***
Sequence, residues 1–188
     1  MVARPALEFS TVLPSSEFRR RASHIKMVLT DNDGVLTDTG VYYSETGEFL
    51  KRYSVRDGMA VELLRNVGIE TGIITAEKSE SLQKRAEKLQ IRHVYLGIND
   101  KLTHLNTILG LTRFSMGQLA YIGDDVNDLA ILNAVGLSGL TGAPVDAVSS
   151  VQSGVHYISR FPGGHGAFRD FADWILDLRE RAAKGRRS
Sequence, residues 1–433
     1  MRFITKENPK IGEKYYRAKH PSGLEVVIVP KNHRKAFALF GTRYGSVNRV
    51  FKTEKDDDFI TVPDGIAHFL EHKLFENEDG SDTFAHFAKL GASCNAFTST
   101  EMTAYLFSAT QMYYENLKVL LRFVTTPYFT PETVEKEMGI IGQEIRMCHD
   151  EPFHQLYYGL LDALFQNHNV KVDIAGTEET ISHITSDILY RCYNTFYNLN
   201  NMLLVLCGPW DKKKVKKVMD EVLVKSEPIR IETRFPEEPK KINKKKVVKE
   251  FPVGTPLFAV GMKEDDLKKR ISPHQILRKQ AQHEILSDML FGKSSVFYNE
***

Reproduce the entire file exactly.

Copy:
Sequence, residues 1–188
     1  MVARPALEFS TVLPSSEFRR RASHIKMVLT DNDGVLTDTG VYYSETGEFL
    51  KRYSVRDGMA VELLRNVGIE TGIITAEKSE SLQKRAEKLQ IRHVYLGIND
   101  KLTHLNTILG LTRFSMGQLA YIGDDVNDLA ILNAVGLSGL TGAPVDAVSS
   151  VQSGVHYISR FPGGHGAFRD FADWILDLRE RAAKGRRS
Sequence, residues 1–433
     1  MRFITKENPK IGEKYYRAKH PSGLEVVIVP KNHRKAFALF GTRYGSVNRV
    51  FKTEKDDDFI TVPDGIAHFL EHKLFENEDG SDTFAHFAKL GASCNAFTST
   101  EMTAYLFSAT QMYYENLKVL LRFVTTPYFT PETVEKEMGI IGQEIRMCHD
   151  EPFHQLYYGL LDALFQNHNV KVDIAGTEET ISHITSDILY RCYNTFYNLN
   201  NMLLVLCGPW DKKKVKKVMD EVLVKSEPIR IETRFPEEPK KINKKKVVKE
   251  FPVGTPLFAV GMKEDDLKKR ISPHQILRKQ AQHEILSDML FGKSSVFYNE